There is a hidden goldmine of good restaurants along the Malingap and Maginhawa Street, an arcane treasure trove esoterically hidden from the glimmer of the metro, and a spot just right at my backyard. My friends from the publication industry have been raving about it, raging the place, and ravenously eating like predators. Some of them even put up a restaurant in the area, and while I am forcibly invited in numerous occasions, I just don't have the time yet.
The place is new to me as I am not frequenting the area the way I am with the Timog and Morato stretch. But this day is different as I tried to scour to look for a sumptuous culinary goodness that I can devour, quite literally.
And I found Don-Day Korean Restaurant, an open air Korean buffet nestled at the heart of Malingap Street, just in front of Pino Restaurant. And while Korean entertainment culture has becoming mainstream as influenced by the Koreanovelas, Korean pop sensation and Korean films, the only Korean word that I know of is Jjamppong, so spare me if I am posting some entrees without a name.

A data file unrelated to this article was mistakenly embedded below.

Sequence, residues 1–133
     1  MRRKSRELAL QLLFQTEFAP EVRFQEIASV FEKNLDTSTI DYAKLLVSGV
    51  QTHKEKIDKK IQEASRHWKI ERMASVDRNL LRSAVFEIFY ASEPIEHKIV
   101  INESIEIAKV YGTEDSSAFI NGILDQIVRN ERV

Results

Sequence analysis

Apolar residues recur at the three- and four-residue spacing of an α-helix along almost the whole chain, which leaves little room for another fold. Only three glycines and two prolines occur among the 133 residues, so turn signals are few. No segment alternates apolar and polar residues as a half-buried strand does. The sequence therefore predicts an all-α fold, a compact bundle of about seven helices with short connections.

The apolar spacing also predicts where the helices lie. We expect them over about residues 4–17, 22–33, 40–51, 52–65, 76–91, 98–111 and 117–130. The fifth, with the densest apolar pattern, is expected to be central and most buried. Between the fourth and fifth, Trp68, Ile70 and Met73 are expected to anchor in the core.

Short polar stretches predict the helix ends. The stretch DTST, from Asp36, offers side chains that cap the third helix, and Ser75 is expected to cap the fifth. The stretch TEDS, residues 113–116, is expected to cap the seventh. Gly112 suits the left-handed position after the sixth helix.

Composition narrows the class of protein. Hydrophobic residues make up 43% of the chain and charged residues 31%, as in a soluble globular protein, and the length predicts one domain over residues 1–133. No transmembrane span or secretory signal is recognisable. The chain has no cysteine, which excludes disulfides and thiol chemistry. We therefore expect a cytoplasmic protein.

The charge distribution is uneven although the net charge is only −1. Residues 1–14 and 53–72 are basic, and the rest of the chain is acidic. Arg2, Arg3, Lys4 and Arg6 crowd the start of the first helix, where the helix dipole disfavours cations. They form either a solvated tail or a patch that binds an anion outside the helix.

Their buffet is classified into two variants: Samgyeopsal(Php299) which I think has the similarity of Yakiniku, and the Don-Day Buffet(Php199) which is the same as your average buffet where everything is served on a spread table and you just have to pick up the food of your preference.
Fresh meats in thin slices are served and the lady server will show you how to cook it, then put some Ssamjang(chili paste, soybean paste, and sesame oil) or Gireumjang(salt, pepper, and sesame oil), then roll it up with lettuce as how Koreans did it.
True to what my MobilityReel told me that Koreans have one of the healthiest diets around, vegetables are served fresh and crunchy. And you can tell if it's an authentic Korean restaurant if there are a lot of Korean dining in.
I don't know how they call it, but this is a tofu-based entree.
Another no name entree, I think this is similar as to how Zucchini Fritters are cooked.
The Korean dry noodles, Chap Chae.
And their version of Lechon Macau? Roasted pork dish.
This is not your typical meat balls as this is not fried, but steamed, which I think is healthier.
Tangsuyuk, a sweet and sour pork.
I really wish they put names on what they serve on the buffet table so I can identify them.
Beef Bolgogi, which obviously look like Japanese Beef Teriyaki.
Pineapple and Papaya to conclude your meal.
Add Php50 and you'll get bottomless iced tea.
You might think that they serve too chintzy for a buffet but trust me, they're enough to make you swell. I only was able to consume three rounds of the grillables, perhaps it's because rolling them up with lettuce which is a water-based vegetable is a factor for the full house.